When viewing an Ansel Adams' photograph of Yosemite, one experiences the natural world at a distance. "This is nature. And it's beautiful because you're not there," writes photographer Mark Klett of Adams' opus in "Yosemite in Time: Ice, Ages, Tree Clocks, Ghost Rivers."
"That's such a contrast to my work," says Terri Loewenthal. The Oakland-based artist sees her psychedelic landscapes as "extending an invitation" to "step inside and move beyond the confines of our everyday perceptions."
Doubled mountain peaks mingle with beatific skies. Rock faces explode in hot pinks and ecstatic yellows. Loewenthal's images come from the same lineage as an Adams or Watkins landscape — if Adams or Watkins had worked in an alternative reality where vistas shape-shifted and kaleidoscopes served as viewfinders.
Loewenthal calls her photos "Psychscapes," a multivalent portmanteau (Psychedelic landscapes? Psychological escapes?).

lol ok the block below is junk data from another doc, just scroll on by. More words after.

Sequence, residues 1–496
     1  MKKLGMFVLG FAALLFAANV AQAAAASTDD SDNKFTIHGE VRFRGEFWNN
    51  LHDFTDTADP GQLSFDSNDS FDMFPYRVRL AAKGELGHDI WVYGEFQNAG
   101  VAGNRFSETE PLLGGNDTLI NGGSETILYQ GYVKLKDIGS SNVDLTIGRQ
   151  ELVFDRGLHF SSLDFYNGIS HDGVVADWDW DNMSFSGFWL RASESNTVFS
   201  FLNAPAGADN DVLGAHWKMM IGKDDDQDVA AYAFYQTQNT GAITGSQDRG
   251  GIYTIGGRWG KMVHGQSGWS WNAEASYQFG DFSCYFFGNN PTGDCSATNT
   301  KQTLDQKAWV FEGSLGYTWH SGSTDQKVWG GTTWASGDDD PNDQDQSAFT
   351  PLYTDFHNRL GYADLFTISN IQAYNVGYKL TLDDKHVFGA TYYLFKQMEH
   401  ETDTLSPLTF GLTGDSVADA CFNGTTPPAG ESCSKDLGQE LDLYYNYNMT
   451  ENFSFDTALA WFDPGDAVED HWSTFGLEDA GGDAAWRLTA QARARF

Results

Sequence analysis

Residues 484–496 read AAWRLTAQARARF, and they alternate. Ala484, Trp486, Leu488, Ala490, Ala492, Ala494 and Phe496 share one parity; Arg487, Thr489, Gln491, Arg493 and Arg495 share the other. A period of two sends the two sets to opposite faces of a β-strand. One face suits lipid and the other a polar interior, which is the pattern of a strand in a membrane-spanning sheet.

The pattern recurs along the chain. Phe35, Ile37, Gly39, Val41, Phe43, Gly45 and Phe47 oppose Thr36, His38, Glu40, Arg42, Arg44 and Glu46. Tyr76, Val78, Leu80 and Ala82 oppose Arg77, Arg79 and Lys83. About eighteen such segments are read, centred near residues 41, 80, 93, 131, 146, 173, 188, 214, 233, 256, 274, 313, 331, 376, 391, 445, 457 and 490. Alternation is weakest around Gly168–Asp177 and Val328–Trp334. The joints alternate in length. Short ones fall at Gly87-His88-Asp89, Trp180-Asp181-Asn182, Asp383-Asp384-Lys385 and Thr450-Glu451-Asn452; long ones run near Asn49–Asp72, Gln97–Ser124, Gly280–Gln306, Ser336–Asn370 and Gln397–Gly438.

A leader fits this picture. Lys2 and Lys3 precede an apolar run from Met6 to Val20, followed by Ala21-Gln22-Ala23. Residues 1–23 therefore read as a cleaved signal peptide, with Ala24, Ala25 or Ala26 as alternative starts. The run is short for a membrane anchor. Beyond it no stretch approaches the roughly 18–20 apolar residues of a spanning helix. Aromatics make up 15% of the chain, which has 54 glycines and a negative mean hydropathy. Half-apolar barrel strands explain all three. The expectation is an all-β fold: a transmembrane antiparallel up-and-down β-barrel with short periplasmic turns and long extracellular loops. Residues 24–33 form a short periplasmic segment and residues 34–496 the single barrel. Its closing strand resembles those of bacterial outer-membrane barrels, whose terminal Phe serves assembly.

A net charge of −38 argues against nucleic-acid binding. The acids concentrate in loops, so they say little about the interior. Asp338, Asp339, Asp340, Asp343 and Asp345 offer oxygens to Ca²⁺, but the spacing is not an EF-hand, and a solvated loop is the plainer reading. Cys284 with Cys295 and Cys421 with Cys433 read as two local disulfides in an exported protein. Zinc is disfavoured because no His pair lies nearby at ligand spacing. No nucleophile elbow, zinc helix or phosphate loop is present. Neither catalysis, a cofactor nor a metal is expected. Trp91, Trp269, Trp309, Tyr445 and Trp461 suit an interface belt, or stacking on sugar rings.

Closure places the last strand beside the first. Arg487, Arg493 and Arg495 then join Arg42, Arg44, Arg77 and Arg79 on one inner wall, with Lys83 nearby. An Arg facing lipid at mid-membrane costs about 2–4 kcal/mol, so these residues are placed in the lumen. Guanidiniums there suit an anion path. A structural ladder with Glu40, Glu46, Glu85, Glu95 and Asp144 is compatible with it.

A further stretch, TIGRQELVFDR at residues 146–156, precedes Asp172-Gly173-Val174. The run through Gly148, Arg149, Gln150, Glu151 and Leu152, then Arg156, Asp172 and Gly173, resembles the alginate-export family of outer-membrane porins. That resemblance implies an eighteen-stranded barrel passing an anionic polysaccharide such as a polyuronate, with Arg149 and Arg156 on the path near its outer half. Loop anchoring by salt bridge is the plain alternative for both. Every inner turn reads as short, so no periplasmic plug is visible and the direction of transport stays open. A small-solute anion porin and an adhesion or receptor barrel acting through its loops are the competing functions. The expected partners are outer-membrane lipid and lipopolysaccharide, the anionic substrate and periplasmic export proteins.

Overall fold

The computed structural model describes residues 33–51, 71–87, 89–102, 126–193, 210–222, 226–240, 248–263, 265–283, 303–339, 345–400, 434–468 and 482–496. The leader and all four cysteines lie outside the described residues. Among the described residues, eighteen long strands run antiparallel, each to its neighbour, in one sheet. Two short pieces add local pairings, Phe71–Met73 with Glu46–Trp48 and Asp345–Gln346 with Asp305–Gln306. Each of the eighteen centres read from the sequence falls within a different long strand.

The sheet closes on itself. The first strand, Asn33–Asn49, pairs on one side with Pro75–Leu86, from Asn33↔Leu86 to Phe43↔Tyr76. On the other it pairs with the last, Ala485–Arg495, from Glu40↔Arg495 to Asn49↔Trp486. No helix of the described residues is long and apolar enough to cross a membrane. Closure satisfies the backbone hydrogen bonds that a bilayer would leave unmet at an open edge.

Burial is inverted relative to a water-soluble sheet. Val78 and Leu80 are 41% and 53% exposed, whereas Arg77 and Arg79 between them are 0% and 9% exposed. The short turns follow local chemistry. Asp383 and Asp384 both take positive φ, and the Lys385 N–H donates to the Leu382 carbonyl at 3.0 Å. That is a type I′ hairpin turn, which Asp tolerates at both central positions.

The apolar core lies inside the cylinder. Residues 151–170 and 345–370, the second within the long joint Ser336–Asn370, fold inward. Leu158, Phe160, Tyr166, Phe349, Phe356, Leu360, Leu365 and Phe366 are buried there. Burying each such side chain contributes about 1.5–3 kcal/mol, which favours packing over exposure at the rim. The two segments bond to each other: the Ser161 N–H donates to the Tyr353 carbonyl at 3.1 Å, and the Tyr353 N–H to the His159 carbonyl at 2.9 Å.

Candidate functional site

It took about four years of experimentation for Loewenthal to devise her method. Without revealing all of her secrets, she said the process "involves composing reflections of the 360-degree landscape ... and using filter to shift colors." The images, though optically layered, are single exposures.
The landscape studies bubble from a personal wellspring: After college, Loewenthal's rental house burned down. She hit the road with a minor insurance payout, her mom's 35mm camera and set out alone to explore the country and to learn to make pictures.
It was in this year that Loewenthal "fell in love with photography — and California's backcountry."
"Mine is a sensitive approach to photography," she says. "It's always been an attempt to process my surroundings more deeply."